The industry continues to struggle to find viable business models to support quality journalism – and the kind of reporting that the committee has identified as fundamental to healthy democratic systems.

Consolidation in the industry in both countries, for example, as well as cost cutting has seen the number of local newspaper reporters slashed drastically. In the U.K., local reporting headcount has plummeted by more than half since 2005 – not counting editors, copy editors, designers and photographers.

The U.K.’s National Union of Journalists says the cuts have hit particularly hard in London, where the number of local journalists has dropped and those at work contend with poor pay and work conditions – which discourages new recruits to the profession.

The London study cites work by King’s College London that found one major chain of local papers, Johnston Press, whacked its editorial and photography staff by 40% between 2010 and 2014 in order to maintain a 20% profit.

The majority of local newspapers have seen their circulation fall in recent years as print readers both migrate to the web and quite literally die off. The circulation of five of London’s paid-for newspapers collapsed by more than half between 2005 and 2016.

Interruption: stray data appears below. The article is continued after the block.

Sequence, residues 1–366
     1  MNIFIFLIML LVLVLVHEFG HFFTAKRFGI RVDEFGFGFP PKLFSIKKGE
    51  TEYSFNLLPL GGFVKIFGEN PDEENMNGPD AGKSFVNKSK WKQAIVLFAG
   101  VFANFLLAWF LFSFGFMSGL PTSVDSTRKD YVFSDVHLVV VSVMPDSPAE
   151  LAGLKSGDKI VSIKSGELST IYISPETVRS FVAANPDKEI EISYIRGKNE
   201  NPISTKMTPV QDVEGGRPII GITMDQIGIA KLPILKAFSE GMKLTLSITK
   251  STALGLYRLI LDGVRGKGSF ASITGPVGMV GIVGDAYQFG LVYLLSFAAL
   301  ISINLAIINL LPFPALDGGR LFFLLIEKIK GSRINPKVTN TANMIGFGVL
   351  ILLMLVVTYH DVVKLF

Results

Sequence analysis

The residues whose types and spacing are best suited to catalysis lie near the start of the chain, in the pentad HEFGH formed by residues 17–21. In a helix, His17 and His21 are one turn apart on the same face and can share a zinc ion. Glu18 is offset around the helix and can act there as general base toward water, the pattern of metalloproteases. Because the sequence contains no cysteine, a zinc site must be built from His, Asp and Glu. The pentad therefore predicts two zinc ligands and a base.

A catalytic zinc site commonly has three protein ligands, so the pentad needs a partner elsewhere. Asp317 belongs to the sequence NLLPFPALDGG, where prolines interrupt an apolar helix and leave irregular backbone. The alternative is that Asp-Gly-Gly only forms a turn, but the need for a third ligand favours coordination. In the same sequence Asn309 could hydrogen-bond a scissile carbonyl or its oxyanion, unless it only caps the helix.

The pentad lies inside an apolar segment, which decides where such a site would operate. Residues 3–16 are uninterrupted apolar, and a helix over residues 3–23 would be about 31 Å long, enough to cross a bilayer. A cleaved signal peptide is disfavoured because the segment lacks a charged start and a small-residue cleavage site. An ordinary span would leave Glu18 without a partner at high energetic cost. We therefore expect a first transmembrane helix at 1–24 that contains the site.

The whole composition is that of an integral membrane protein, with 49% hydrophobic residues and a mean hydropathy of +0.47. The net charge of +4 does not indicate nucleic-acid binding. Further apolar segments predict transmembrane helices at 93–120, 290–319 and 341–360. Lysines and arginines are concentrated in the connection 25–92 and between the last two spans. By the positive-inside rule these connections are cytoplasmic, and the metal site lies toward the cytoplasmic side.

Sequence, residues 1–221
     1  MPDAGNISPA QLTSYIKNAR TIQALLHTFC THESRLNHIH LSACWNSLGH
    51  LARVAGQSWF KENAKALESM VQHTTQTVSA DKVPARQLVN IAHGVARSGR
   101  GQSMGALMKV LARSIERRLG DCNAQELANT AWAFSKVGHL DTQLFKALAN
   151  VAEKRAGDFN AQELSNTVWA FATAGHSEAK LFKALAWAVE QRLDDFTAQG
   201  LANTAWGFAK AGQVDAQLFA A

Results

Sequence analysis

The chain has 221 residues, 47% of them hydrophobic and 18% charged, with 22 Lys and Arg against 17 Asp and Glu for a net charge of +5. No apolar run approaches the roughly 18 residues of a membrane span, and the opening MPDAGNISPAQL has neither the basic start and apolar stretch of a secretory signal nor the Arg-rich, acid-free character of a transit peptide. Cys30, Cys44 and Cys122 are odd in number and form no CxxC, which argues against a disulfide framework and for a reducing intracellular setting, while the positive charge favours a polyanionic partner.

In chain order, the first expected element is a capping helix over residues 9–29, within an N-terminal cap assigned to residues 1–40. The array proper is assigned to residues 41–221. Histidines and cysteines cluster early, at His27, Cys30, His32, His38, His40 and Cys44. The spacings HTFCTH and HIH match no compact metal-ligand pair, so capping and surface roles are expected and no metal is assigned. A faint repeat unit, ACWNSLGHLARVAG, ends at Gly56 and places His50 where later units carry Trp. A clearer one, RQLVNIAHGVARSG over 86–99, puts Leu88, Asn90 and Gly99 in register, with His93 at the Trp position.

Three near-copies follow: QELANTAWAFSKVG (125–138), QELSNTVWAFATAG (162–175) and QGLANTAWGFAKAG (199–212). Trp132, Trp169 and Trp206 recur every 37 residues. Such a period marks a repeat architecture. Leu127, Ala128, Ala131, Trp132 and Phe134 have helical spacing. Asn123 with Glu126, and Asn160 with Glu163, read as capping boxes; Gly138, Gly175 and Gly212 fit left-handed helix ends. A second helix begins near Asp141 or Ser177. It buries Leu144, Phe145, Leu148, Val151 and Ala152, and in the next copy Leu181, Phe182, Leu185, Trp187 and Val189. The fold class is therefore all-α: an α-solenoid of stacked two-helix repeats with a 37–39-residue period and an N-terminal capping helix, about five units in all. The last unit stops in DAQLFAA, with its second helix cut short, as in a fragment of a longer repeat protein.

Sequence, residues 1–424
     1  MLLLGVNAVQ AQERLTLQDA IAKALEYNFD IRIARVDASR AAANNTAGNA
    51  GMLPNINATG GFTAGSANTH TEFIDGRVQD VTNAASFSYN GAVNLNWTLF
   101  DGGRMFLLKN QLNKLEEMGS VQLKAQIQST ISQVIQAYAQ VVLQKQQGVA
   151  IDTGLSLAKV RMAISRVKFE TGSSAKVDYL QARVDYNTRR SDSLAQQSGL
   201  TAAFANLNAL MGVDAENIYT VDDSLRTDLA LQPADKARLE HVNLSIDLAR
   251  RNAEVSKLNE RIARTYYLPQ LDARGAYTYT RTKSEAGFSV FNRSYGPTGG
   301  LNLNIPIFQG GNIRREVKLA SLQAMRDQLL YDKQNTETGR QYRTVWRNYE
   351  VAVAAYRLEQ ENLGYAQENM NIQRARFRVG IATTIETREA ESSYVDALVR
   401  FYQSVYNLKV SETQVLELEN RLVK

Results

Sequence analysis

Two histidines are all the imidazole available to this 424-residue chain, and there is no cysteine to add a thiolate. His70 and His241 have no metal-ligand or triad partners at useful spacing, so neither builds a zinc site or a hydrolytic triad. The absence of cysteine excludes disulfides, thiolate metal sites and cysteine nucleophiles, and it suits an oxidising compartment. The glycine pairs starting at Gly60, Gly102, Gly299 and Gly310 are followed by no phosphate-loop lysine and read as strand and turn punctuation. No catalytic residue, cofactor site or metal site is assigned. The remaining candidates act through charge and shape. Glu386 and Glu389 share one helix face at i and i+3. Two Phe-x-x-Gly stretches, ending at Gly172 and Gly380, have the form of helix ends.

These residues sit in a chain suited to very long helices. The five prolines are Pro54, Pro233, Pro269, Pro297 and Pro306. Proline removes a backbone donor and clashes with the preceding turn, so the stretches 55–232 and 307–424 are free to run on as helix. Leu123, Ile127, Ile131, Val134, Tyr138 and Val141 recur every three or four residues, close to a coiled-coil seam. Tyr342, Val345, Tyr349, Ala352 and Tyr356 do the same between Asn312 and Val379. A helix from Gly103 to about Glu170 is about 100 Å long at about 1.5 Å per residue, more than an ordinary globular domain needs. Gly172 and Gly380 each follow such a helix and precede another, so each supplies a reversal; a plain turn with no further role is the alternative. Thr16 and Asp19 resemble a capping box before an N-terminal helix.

And while many are enjoying growing digital readership, the traditional advertising revenue model is not translating equally to the online world as newspaper revenues generally are declining radically. In the five years to 2010, for example, revenue of the four top British newspaper owners slid between 23% and 53%, according to one analysis.

But local newspapers, which depended on classified advertising – once lauded by Rupert Murdoch as “rivers of gold” – as their lifeblood, have taken the hardest hits in advertising.

The report notes that spend on regional newspaper advertising fell by 17% in just two years, from 2014-2016, as buyers move online.

Said Ceri Gold, editor-in-chief of Trinity Mirror: Of “the traditional pillars that local newspapers used to cleave to for their revenue, property has gone (online) to Rightmove, motors has gone (online) to Auto Trader and 95% of our jobs revenue has gone (online) to a local jobs board.”

She said the company’s strategy is to transition to the “point where the digital revenue outweighs the print decline.”

That said, it’s far from clear how or how long it will take them and the industry as a whole to get there. So far, according to Angela Phillips of Goldsmiths University, the industry has “totally failed” to develop new revenue streams, leading to the “erosion of the funding base for local newspapers.”

“This is not a failure of journalism – which it is often described as being – it is a business failure,” she told the committee, noting that the response of the big chains has been “to cut, cut, cut, so that we end up with (newspaper) chains across south London with practically no journalists.”

Part of the problem is that Google and Facebook are eating a significant portion of newspapers’ lunch. In the U.K., they siphon off around half of the £4 billion spent annually on digital advertising – a figure one consultancy estimates will rise to 70% by 2020. “That doesn’t leave a lot of space left elsewhere,” the report notes.